The World Bank said it has provided $385 million in International Development Association (IDA) financing to countries in the Horn of Africa to harness groundwater potential and build climate resilience.
The World Bank said in a statement on Wednesday evening that the Horn of Africa Groundwater Resilience Project (HoAGWRP), a new multi-phase project, will strengthen the region’s ability to adapt to the impacts of climate change.
“World Bank experience shows that building knowledge about aquifers, building trust around shared groundwater resources, and jointly developing groundwater management mechanisms between countries involves a long trajectory. term that needs to be addressed gradually,” Boutheina Guermazi, World Bank Director for Regional Integration for Sub-Saharan Africa, Middle East and North Africa said.
The lender said the project encourages cooperation with Ethiopia, Kenya, Somalia and the Intergovernmental Authority on Development (IGAD), which will work together to tap the region’s largely untapped groundwater resources to meet and adapt to drought and other climatic stressors impacting their vulnerable borders.
Djibouti and South Sudan have also expressed interest in joining the program in later phases, he added.
The World Bank said the first phase of the project is expected to reach 3.3 million direct beneficiaries, at least 50% of them women, through interventions designed to increase access to water supply and reduce vulnerability to impacts of climate change.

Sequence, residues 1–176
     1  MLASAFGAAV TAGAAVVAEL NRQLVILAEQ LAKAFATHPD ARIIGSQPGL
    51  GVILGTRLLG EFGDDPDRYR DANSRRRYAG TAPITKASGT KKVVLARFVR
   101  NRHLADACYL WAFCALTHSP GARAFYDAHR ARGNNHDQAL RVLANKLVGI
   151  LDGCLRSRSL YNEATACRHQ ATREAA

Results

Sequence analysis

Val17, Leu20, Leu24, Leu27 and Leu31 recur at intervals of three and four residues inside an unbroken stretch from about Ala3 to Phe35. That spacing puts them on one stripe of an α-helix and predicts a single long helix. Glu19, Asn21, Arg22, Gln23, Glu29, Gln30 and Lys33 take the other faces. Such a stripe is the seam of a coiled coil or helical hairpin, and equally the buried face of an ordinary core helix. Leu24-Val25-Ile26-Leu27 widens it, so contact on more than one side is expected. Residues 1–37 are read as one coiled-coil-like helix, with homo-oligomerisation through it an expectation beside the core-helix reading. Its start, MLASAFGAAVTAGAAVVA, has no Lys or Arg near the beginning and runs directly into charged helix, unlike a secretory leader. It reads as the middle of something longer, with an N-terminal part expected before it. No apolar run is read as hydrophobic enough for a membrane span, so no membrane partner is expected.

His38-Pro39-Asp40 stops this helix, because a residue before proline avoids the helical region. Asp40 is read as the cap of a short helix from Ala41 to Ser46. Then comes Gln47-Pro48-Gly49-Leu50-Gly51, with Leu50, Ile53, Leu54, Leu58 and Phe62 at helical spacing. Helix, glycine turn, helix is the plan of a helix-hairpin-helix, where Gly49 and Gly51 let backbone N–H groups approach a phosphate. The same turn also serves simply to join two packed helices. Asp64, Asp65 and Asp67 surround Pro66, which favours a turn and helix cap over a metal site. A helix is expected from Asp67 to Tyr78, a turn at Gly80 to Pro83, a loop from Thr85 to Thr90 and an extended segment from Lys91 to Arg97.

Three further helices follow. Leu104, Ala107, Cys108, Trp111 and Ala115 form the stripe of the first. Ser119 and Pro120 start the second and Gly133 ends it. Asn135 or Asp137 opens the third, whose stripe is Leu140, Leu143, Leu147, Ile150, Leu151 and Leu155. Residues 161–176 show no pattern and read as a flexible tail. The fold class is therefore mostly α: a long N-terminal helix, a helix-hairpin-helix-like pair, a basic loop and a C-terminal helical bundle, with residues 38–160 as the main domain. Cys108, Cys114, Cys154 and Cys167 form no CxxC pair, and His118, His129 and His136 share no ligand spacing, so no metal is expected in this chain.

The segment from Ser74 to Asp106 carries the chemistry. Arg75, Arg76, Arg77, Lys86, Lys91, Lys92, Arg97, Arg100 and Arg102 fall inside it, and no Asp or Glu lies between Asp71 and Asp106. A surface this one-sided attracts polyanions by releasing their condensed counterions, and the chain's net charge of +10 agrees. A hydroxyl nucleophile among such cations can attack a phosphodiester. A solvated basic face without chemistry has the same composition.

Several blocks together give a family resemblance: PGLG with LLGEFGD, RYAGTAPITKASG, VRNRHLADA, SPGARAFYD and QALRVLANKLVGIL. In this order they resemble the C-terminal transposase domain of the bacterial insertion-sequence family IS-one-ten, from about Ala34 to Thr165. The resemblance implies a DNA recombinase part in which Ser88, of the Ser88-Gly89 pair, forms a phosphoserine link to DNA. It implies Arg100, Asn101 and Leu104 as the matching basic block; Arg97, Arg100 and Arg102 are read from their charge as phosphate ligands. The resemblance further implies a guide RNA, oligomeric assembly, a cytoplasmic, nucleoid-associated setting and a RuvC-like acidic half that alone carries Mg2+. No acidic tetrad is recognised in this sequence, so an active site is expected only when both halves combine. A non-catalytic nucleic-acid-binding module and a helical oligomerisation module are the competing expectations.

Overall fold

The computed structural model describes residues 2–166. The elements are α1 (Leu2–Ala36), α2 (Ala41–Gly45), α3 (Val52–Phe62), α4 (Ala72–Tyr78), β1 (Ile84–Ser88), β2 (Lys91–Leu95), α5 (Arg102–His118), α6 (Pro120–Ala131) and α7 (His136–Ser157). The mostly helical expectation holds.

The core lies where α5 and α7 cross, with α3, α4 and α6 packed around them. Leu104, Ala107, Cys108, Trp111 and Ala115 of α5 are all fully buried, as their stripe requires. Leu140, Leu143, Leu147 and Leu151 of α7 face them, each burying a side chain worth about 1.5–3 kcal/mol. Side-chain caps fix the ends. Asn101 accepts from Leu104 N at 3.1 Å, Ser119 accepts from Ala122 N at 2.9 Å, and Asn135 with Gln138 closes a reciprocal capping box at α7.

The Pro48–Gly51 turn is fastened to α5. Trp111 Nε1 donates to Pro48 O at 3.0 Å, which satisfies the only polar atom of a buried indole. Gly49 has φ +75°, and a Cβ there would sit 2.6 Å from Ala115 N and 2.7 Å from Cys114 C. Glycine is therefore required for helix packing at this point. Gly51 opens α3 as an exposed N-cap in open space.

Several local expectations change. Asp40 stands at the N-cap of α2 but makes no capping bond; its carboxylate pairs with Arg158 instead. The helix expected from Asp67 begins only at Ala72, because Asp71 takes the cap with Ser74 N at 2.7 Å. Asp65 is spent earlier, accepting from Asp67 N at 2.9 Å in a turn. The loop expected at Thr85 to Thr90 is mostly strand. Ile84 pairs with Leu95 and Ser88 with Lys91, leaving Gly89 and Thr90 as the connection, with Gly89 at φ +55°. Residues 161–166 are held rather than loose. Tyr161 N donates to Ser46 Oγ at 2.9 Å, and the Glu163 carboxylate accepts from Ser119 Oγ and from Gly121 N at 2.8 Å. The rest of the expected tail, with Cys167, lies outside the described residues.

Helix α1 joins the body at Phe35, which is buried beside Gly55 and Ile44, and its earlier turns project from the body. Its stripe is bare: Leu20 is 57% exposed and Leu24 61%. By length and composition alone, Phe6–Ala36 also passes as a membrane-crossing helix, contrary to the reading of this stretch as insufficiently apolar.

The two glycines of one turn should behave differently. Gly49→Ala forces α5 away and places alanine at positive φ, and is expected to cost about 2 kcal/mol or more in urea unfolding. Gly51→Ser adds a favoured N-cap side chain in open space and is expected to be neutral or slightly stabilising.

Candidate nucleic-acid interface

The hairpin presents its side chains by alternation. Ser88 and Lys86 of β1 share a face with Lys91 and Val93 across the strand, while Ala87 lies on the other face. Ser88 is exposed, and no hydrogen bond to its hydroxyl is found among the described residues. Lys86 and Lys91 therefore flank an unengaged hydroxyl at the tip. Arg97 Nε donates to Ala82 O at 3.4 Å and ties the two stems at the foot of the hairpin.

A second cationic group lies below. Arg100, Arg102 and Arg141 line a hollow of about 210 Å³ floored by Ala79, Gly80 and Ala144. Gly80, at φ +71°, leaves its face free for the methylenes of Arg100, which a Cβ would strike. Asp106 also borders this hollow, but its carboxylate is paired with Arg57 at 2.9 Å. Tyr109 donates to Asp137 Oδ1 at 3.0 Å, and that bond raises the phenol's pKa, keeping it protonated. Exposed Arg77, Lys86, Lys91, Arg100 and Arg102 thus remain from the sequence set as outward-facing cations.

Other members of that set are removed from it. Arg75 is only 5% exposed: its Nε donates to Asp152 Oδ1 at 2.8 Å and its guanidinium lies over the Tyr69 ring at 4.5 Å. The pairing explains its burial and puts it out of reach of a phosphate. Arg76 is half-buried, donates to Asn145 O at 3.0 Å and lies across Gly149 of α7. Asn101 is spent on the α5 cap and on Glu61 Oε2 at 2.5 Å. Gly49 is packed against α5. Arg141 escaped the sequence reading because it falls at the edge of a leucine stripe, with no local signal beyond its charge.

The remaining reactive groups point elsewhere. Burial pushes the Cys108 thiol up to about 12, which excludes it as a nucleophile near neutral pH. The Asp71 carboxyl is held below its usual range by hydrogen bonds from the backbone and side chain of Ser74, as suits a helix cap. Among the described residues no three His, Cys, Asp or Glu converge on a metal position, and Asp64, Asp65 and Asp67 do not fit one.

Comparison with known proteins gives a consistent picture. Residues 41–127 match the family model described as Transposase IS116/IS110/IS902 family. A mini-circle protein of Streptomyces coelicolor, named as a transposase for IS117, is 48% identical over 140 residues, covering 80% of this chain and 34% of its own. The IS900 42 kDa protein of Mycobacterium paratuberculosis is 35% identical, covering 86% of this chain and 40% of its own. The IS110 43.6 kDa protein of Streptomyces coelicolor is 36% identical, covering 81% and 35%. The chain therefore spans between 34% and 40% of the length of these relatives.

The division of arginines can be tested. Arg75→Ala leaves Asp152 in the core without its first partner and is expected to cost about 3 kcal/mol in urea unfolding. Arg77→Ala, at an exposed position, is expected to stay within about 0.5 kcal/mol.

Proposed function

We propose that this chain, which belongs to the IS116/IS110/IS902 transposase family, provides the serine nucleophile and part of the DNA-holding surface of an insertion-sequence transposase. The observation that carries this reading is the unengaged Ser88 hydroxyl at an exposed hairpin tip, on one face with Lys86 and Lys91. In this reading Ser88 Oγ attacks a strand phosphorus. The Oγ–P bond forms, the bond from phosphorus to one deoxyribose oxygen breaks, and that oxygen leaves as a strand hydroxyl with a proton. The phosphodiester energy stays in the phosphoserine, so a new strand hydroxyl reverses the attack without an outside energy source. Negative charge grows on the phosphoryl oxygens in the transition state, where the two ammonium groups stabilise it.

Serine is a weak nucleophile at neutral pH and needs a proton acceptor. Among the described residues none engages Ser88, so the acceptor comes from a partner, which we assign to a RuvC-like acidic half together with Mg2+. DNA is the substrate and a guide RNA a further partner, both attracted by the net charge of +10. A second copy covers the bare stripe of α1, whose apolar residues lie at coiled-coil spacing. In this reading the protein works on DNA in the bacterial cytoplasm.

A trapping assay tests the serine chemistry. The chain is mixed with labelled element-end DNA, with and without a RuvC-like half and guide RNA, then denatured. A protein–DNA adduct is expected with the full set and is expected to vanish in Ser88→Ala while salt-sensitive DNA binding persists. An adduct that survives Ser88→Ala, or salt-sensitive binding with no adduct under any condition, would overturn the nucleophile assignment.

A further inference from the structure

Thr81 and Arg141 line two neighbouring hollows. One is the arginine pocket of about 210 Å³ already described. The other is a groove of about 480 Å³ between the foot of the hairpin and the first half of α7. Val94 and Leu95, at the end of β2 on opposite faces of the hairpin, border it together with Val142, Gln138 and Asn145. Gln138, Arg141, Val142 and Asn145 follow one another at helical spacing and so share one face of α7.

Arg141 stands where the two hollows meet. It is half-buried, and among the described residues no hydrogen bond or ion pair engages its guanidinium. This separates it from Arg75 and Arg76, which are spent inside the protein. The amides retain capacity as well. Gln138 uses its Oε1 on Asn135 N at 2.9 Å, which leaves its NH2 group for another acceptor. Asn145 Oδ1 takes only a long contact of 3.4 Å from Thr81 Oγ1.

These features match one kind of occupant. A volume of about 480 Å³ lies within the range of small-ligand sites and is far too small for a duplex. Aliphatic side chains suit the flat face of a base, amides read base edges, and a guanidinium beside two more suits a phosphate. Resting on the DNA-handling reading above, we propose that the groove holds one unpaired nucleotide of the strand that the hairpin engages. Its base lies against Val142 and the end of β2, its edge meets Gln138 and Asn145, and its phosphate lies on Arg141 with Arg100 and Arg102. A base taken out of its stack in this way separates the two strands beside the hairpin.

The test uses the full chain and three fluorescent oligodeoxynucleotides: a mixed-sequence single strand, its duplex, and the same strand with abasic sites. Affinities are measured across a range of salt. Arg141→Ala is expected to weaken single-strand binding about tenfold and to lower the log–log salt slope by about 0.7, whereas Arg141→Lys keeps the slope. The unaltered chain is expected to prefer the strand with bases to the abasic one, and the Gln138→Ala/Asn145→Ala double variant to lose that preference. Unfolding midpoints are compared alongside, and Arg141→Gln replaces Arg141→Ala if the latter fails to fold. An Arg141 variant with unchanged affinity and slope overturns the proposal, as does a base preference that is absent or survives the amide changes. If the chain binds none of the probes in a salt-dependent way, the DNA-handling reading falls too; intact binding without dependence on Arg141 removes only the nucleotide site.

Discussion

The project will also contribute to improving food security in a region plagued by severe drought.
Daher Elmi Housssein, Director of Agriculture and Environment Division, IGAD, said groundwater provides a natural buffer against climate variability and change, as it is available during droughts when other surface or underground resources are scarce.
“The potential is vast and we are committed to developing inclusive use of this shared resource at the community level, as well as better information, infrastructure and institutions to ensure our groundwater is managed sustainably for generations to come,” Elmi said.
The lender said the project will establish the building blocks that will enable the medium to long term program to improve transboundary water management in the Horn of Africa.
IGAD, a seven-member East African bloc that includes Djibouti, Ethiopia, Kenya, Somalia, South Sudan, Sudan and Uganda, will play a pivotal role as the main long-term regional strategy promoter and facilitator, including data and information. share.